Microsoft’s Azure cloud platform can do more than process enterprise workloads and power the company’s wide-ranging online services portfolio. It can also help researchers fish out scientific discoveries from a sea of big data.
While Microsoft’s cloud is largely defined by its consumer- and business-friendly capabilities, the company has been reaching out to the scientific community to popularize the platform among researchers. The Microsoft Azure for Research Award program, for instance, encourages scientists to submit research proposals for a shot at cloud computing time.
The company is joining Google in supporting the White House Climate Data Initiative by pledging 12 months of free Microsoft Azure resources, including up to 180,000 hours of cloud computing time and 20TB of storage. Microsoft is accepting proposals up to June 15.
Drawing attention to cloud computing’s heightened role in science research, Xin Ma, a senior research program manager at Microsoft Research Asia, said in blog post that her group “has collaborated closely with domestic and international researchers on a wide range of topics, including the environment, data modeling, biological computing, climate change, and urban computing.” Those efforts are starting to pay off in the form of projects that help scientists cut big data down to size.
“In this era of big data, cloud computing offers scientists a platform for dealing with massive amounts of data and the growing requirements of distributed, multidisciplinary collaborations to drive new discoveries,” said Eric Chang, senior director of technology strategy at Microsoft Research Asia, in a statement.
Some of the Azure-based projects include an eco-hydrologic modeling project from Professor Chunmiao Zheng and researcher Guoliang Cao of Peking University. The scientists are leveraging Azure to explore the ecology of the Heihe River Basin, offering insights into maintaining sustainable freshwater supplies.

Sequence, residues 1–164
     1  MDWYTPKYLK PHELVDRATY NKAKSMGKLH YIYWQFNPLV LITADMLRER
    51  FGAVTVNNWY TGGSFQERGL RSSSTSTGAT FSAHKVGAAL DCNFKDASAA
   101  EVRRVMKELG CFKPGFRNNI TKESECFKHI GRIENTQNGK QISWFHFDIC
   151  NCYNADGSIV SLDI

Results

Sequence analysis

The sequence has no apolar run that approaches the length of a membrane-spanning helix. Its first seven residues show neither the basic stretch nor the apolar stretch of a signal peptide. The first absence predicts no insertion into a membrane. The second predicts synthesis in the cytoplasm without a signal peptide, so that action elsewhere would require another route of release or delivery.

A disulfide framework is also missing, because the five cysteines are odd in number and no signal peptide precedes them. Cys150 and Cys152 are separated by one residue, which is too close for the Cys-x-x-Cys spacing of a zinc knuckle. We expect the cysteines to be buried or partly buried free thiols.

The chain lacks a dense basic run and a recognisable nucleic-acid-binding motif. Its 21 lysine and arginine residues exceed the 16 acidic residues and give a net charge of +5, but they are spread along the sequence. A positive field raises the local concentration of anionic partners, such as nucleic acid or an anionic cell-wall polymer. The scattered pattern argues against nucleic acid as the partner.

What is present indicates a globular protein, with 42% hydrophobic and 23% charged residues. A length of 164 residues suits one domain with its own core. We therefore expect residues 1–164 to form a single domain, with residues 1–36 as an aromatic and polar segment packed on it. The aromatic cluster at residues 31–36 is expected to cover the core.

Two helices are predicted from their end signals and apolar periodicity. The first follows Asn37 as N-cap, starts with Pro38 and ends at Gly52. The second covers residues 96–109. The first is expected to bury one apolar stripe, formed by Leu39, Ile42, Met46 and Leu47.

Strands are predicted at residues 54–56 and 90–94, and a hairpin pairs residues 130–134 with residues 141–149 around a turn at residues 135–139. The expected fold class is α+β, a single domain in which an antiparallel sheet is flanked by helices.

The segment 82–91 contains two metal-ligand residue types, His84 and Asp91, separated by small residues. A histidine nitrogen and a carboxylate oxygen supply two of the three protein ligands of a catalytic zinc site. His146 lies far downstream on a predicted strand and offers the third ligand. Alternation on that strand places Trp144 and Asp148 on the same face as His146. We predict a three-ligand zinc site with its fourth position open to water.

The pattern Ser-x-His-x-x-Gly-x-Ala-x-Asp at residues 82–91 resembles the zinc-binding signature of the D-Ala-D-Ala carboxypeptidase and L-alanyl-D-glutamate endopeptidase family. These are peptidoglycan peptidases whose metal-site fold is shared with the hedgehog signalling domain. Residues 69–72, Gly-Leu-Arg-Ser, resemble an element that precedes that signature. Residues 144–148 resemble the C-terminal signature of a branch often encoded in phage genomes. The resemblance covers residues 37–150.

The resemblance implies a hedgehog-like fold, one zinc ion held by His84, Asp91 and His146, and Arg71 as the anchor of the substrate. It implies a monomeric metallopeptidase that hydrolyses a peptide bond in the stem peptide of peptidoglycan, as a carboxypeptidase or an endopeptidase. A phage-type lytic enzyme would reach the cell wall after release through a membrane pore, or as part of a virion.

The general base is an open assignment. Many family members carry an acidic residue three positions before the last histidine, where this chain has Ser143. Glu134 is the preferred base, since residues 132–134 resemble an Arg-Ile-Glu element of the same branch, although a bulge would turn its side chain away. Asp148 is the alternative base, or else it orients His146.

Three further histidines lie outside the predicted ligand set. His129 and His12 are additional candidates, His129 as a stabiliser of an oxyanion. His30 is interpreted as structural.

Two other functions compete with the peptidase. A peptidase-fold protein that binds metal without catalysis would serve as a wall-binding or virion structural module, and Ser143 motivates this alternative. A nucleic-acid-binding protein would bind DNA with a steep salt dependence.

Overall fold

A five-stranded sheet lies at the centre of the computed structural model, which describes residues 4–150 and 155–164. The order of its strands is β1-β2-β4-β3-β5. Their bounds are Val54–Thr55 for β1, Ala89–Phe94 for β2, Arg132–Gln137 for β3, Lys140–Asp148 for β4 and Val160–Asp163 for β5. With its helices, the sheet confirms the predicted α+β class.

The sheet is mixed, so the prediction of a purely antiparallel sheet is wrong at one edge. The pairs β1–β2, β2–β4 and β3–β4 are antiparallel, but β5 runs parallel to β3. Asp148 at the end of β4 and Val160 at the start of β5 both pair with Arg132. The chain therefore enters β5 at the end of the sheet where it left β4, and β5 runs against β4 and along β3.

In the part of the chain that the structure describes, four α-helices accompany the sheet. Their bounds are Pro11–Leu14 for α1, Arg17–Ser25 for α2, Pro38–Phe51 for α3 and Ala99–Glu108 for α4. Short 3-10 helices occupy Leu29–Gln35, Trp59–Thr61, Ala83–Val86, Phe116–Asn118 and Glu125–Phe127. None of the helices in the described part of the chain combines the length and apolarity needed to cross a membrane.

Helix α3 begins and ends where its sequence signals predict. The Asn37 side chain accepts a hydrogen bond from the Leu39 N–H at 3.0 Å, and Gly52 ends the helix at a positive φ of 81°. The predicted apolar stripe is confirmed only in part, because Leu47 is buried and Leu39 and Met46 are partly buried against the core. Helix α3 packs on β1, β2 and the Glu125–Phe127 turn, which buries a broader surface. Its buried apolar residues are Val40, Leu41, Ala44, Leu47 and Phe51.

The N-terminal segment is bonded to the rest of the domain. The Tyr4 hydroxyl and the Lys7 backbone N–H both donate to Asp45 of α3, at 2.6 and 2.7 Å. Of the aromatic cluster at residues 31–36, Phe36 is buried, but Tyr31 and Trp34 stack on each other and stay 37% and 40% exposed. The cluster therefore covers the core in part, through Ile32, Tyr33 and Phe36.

Another environmental-themed project is being headed by Professor Yuqi Bai of Tsinghua University that involves 1.5 petabytes of data. His team is creating “an integrated research environment for archiving, searching, analyzing, and intercomparing CMIP5 [Coupled Model Intercomparison Project Phase 5] data with the CMIP5 Sea Ice Data Portal,” stated Xin Ma, a major step up from CMIP’s Web-based system, which only supports searching and downloading.
The Chinese Academy of Sciences is using Microsoft’s cloud to ingest heterogeneous data from multiple sources and derive models on how terrestrial ecosystems influence the climate. Azure is helping Professor Yan Xu of Beihang University develop new techniques for detecting colon cancer in pixel-packed digitized histopathological images.
Zheping Xu of the Chinese Academy of Sciences is using Azure and Microsoft’s Bing mapping technologies to study the distribution of species using data from the Biodiversity Heritage Library. Xin Ma describes the library as “an international cooperative project that has scanned and openly shares more than 100,000 volumes—totaling some 43 million pages and 97 million species records.”